News from Peace Now's (Israel) Settlement Watch:
on Amona: a Crossing of a Red Line
This morning the Army Radio reported that the committee established by the government to find a
solution of the illegal outposts issue recently submitted a legal opinion to the Attorney General according to
which it is possible to use the absentees’ property in the case of the illegal outpost of Amona. The committee’s
idea is to take private Palestinian lands in the nearby plot to where Amona is today, whose owners do not live
in the West Bank, and lease them to the settlers of Amona through a lease that will be renewed every three
years. This way, the settlers of the illegal outpost, which must be evacuated by the end of December due to a
High Court ruling, will be able to live close by to where the outpost is located today. AG Avichai Mendelblit
will soon announce whether he intends to accept or reject the legal opinion.
Peace Now: "Accepting the legal opinion of the committee and thereby violating private property rights in the Occupied Territories will constitute the crossing of a red line. The acceptance of the legal opinion would have dire consequences on a future peace agreement as it could lead to the establishment of dozens of new settlements and to the multiplying of the land taken up by settlements in the West Bank. The Israeli government cannot justify the stealing of private lands of absentees only to please the demands of settlers who themselves stole private lands against the law."
Background: The Legal Opinion
After its establishment, the Netanyahu government formed a professional committee for the regularization of West Bank illegal construction ("the regularization team") in order to offer solutions for the legalization of illegal outposts and construction in the West Bank. According to the Army Radio report, the committee, headed by Attorney Haya Zandberg from the State Attorney's Office, submitted a legal opinion to the AG which allows the Head of the Government Property in the Civil Administration to lease private Palestinian absentees' lands to settlers in order to establish a new settlement nearby to the location of the illegal outpost of Amona. The idea is to lease the land for three years only and then renew the lease every three years. By using temporary leasing the legal opinion avoids the problem that lies in the selling absentees' property. However, it is clear that the establishment of a new settlement is not at all temporary.
The legal opinion contradicts the Israeli legal interpretation since 1967 according to which Israeli governments have been determining their policies. Even Attorney Plia Albeck, a senior in the State's Attorney's Office who has been referred to as "the mother of settlements" stated that absentees’ property "cannot be used for the establishment of Jewish towns."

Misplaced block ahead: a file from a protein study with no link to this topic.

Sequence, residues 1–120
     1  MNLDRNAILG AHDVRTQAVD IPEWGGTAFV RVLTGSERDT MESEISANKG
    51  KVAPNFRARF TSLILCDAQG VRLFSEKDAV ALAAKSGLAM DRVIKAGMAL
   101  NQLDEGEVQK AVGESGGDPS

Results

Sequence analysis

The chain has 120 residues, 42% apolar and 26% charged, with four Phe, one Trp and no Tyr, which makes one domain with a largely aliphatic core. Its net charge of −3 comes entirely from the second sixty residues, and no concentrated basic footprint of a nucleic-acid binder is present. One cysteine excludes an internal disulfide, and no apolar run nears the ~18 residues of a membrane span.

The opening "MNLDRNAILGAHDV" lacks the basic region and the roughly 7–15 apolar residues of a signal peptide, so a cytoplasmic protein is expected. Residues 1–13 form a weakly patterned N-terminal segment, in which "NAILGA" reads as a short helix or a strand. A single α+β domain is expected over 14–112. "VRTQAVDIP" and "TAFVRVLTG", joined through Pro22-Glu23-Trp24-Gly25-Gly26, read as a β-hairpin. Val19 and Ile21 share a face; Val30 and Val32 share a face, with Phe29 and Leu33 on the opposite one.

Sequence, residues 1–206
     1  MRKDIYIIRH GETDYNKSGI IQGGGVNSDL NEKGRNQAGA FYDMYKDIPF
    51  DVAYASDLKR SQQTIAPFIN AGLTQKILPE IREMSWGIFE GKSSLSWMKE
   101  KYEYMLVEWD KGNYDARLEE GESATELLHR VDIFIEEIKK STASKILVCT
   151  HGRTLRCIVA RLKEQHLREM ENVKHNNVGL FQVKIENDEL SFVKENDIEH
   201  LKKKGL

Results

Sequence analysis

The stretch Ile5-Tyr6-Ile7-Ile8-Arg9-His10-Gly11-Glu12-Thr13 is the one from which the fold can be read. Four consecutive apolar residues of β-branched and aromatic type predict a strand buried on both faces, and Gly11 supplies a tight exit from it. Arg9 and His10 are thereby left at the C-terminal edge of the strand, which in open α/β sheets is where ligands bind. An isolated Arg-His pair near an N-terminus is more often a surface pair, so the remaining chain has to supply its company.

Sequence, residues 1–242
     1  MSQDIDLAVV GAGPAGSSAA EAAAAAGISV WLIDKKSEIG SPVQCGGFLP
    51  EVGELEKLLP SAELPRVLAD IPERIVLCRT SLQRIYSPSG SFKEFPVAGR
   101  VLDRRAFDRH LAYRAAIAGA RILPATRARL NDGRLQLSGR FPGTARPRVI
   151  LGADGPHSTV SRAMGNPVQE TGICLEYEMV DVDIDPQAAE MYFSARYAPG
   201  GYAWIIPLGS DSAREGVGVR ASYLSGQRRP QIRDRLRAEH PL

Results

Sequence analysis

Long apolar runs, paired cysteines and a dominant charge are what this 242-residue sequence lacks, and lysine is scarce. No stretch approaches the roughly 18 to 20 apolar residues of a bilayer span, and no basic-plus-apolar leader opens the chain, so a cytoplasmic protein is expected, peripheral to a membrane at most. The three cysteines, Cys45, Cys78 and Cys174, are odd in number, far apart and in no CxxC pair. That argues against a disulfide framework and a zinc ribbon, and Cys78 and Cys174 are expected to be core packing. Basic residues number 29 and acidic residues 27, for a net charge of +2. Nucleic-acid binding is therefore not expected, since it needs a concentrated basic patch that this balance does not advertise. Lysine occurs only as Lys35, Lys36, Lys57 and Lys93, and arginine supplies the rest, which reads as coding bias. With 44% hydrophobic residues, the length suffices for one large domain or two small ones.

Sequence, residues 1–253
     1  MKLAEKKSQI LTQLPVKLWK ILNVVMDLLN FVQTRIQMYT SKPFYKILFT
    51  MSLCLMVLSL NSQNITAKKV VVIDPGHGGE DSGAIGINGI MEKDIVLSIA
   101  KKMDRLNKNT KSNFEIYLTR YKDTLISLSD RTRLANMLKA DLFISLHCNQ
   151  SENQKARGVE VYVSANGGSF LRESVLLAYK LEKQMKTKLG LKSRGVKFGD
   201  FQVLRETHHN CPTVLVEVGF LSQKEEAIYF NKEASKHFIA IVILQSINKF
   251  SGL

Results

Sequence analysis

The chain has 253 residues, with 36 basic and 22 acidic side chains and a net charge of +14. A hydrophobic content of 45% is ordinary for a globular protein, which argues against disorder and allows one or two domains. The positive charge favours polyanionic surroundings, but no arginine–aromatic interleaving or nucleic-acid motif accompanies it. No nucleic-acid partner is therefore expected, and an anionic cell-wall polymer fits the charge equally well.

According to the legal opinion of the Assistant to the Attorney General to the Civil Administration from September 1997: "the Head of the Government Properties is nothing but a trustee who guards the property from damage while the owner is absent from the area... from the essence of an 'abandoned asset' as private property to which the Head of the Government Properties relation is temporary and for the purpose of protection only, a far more comprehensive ban is evident: in fact, the Head of the Government Property must not engage in a business transaction with regards to the property that will stand in opposition to the mentioned obligation for protection, and mainly to the duty to return the property to its owner upon his return to the region."
Absentees Property is Private. Period.
Absentees Property is privately owned by Palestinians who, as of now, reside outside of the West Bank. The Head of the Government Properties serves as the trustee of these properties and is obliged to protect them from damage and to ensure they will not be taken by others. Clearly the establishment of a settlement on private land owned by absentees is a violation of the trustees' obligation.
According to the Army Radio report, Attorney Zandberg legal opinion includes cases in which internal legal opinions of the Civil Administration stated that Absentees Property could be leased in a temporary and renewing lease. However, these are entirely different cases, in which the absentees' property had already been (illegally) used and there already exist third parties related to the issue. This is the exception that proves the rule, since the legal opinions mentioned above would not have been necessary had the leasing of absentees property were allowed.
Future Implications of Using Absentees Property
If AG Mendelblit will accept the legal opinion, this will create an opening for the takeover of tens of thousands of dunams in the West Bank. The scope of absentees’ property in the West Bank is estimated at around 100,000 dunams (double than the size of Tel Aviv and similar to the land taken up by all of the settlements today). Thus, by leasing absentees’ property the government could establish many new settlements.
Accepting the legal opinion will also expose the Israeli government to lawsuits by the land owners, shall they return to the West Bank.
The most severe implication is that the state of Israel will crush the basic rights of Palestinians under its rule in the occupied territories, while violating international law - all out of the will to comply to the demands of a group of settlers that established an illegal outpost on stolen Palestinian land with the backing of the government.